AES: Yeah that’s really relatable and really interesting. Now how did you get the band name Never Coming Home, what does that mean to you guys?
AS: Who knows why we have our name because I don’t! Well, it’s a line from about a thousand different songs. It’s from A Day To Remember song.
AH: My answer is from a song title “Never Coming Home” by Point North. Merr it’s your turn!
MC: And “Beamer Boy” by Lil’ Peep, he says, “I’m never coming home now”.
DL: I just thought it was cool.
AH: And then the obvious answer – “The Ghost of You” by My Chemical Romance.
AS: That’s the obvious answer!
DL: If Paul McCartney ever said it then that’s one.
AES: Okay, awesome! And what’s the biggest struggle you’ve had writing so far? Anything come up that’s been tricky to manage?
MC: I can never finish writing a song.
AH: Yeah like I’ll start writing a song and then finish it like months later, and I’m like “wow”. Or like, I’ll write a song and then realize this is really angry and I’m going to have to sing it to all of my friends. This is gonna be fun.
AS: A lot of times it’s hard to avoid using lyrics that come up as cliché or generic. Cheesy rhymes, just things like that. So you wanna be creative.
AH: Like our first single “Runaway”, is so cheesy. It’s so cheesy!
AS: Because we wrote it to be cheesy! And we wrote it to be catchy.
AH: We wrote it to be like a catchy rock song like “hey, we can leave we can go do cool stuff”, you know what I mean if you’ve heard the song.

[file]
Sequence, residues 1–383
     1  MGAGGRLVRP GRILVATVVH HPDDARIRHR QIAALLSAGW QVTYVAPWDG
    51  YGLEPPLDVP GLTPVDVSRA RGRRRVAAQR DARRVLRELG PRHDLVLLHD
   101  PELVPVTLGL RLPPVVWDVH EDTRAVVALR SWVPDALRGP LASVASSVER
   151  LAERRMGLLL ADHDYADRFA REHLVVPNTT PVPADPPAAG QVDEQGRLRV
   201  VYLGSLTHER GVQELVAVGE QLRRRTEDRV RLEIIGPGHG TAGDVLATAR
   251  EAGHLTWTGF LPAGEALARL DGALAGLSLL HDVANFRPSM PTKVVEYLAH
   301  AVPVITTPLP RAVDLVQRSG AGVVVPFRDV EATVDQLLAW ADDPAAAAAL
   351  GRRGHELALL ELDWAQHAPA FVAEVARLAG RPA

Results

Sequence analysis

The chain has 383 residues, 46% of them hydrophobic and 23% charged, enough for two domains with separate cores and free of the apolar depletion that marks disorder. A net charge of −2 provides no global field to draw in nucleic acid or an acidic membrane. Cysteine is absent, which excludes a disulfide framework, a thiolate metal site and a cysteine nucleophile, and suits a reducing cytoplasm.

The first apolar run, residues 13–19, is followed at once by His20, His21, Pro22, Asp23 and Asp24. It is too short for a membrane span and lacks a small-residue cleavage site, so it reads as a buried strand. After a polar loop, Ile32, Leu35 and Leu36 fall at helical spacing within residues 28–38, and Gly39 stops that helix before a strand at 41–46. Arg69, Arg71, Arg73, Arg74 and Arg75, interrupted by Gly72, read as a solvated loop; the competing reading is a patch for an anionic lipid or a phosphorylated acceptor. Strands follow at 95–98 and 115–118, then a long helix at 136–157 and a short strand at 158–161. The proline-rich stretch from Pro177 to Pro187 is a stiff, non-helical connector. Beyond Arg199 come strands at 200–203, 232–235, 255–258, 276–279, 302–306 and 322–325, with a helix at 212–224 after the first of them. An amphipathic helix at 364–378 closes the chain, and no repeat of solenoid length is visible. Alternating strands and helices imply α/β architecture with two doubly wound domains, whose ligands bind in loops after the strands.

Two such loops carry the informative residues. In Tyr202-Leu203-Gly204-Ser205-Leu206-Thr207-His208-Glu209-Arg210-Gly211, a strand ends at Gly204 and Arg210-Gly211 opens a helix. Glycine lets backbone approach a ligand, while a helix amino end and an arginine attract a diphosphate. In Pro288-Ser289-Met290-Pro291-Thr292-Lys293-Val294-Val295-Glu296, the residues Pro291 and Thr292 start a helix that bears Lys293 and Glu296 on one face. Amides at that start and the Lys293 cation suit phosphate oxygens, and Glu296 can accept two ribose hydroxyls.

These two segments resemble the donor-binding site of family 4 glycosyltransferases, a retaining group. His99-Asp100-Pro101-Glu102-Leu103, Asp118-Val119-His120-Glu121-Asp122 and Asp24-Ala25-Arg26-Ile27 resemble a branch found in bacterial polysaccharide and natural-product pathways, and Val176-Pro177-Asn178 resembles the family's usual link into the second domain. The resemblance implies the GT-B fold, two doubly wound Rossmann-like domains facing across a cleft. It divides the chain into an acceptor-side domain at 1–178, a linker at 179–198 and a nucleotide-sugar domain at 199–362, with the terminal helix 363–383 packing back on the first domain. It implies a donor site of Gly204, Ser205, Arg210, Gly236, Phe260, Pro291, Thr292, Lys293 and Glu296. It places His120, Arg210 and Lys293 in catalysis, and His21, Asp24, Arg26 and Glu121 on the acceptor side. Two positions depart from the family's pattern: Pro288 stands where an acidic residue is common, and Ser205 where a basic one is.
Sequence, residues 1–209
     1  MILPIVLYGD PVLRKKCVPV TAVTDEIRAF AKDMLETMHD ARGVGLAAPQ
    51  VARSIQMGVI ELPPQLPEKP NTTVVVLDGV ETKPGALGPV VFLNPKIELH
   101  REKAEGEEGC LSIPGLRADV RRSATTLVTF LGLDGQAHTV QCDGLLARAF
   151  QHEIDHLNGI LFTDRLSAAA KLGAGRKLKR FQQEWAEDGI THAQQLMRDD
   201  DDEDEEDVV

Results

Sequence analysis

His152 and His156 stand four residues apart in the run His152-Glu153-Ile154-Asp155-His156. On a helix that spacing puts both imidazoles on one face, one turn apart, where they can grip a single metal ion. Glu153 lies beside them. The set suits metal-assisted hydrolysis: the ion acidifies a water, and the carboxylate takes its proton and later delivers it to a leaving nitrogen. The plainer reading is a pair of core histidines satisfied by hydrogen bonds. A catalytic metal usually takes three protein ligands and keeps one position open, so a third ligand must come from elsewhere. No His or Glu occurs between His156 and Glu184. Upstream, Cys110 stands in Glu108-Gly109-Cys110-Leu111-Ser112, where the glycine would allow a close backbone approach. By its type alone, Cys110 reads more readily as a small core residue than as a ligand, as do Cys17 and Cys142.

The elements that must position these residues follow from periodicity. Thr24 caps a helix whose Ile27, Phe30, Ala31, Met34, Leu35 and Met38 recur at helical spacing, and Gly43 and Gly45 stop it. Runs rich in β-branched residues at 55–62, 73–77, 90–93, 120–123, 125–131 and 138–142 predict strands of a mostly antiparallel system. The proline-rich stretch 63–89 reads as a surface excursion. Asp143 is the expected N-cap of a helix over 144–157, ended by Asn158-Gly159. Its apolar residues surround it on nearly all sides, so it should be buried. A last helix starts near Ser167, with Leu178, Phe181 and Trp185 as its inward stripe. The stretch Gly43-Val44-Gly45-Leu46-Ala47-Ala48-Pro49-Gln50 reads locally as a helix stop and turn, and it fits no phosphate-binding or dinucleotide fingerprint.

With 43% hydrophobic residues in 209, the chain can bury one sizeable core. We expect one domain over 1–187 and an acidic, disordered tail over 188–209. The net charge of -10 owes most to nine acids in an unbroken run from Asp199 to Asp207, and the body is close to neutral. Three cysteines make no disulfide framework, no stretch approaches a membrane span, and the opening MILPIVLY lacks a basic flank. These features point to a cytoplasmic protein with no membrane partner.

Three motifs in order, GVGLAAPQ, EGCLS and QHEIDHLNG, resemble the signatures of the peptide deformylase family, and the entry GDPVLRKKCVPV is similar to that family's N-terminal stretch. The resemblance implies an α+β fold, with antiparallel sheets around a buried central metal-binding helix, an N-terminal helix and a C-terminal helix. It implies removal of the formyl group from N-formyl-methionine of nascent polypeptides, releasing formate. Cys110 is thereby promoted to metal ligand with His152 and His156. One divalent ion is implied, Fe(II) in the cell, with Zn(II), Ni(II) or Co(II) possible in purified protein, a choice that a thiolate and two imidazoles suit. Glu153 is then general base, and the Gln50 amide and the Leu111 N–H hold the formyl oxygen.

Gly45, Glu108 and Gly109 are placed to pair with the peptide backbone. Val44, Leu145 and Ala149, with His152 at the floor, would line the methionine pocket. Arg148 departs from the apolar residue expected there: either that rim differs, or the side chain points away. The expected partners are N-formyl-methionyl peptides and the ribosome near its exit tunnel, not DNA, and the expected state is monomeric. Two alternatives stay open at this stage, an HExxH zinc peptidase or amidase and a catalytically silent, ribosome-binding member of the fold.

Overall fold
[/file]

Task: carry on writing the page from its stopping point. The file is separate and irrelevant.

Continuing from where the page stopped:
AES: Yeah it’s a great song! I definitely see that it was meant to be a very obvious pop punk anthem in many ways. Actually, it reminded me of that Patty Walters parody video, “Song about a Girl”, making fun of pop punk. Is that kind of what you were doing?
DL: [Grins and nods] Yeah I just walk around like “where’s the pizza in this joint”?
AES: Yeah that’s so funny! So I definitely see those influences. Now where do you see yourself in five years?
DL: Not home! I don’t know.
AES: So you’re “never coming home”, right? [jokes]
AH: Where we see ourselves is, Merritt’s gonna go solo and he’s gonna be a SoundCloud rapper. I think Derek and I are gonna revive our old progressive rock band, Sour Vision. That’s what’s gonna happen.
DL: I just think, we’re gonna accidentally leave Aidan behind at a venue and he’s not gonna know where to go.
AS: I’ll speak for the entire band without consulting any of you guys first. I’d like to think that five years from now we’ll be playing a little bit more than just bar shows and expand.
AH: Yeah! We’re gonna be playing basements!
AS: Oh yeah! Basement shows in Providence, like outdoor shows in Providence.
DL: We’re gonna play on the street in front of a hat and hope that people give us things.
AES: You guys are networking though! You’re working really hard and that shows!
AH: We’ll be playing shows across New England. Five years is a long time, I wanna play across the United States by then!
AES: I’m really impressed honestly! Any advice you’d give to any other musicians that are looking to do something similar?
AH: Basically, when you start writing, a lot of people have come to me like “oh I want to start songwriting.” And I’m like, “first of all, why are you asking me this? I don’t write good songs”. But the thing is, you start off writing, all of your songs are going to be horrible and cheesy as hell. But as long as you write for a long time and you just kinda don’t overthink it, you just do it. And for being a musician, go to local shows. Listen to local bands, and go see them. Talk to promoters, set something up. Figure something out.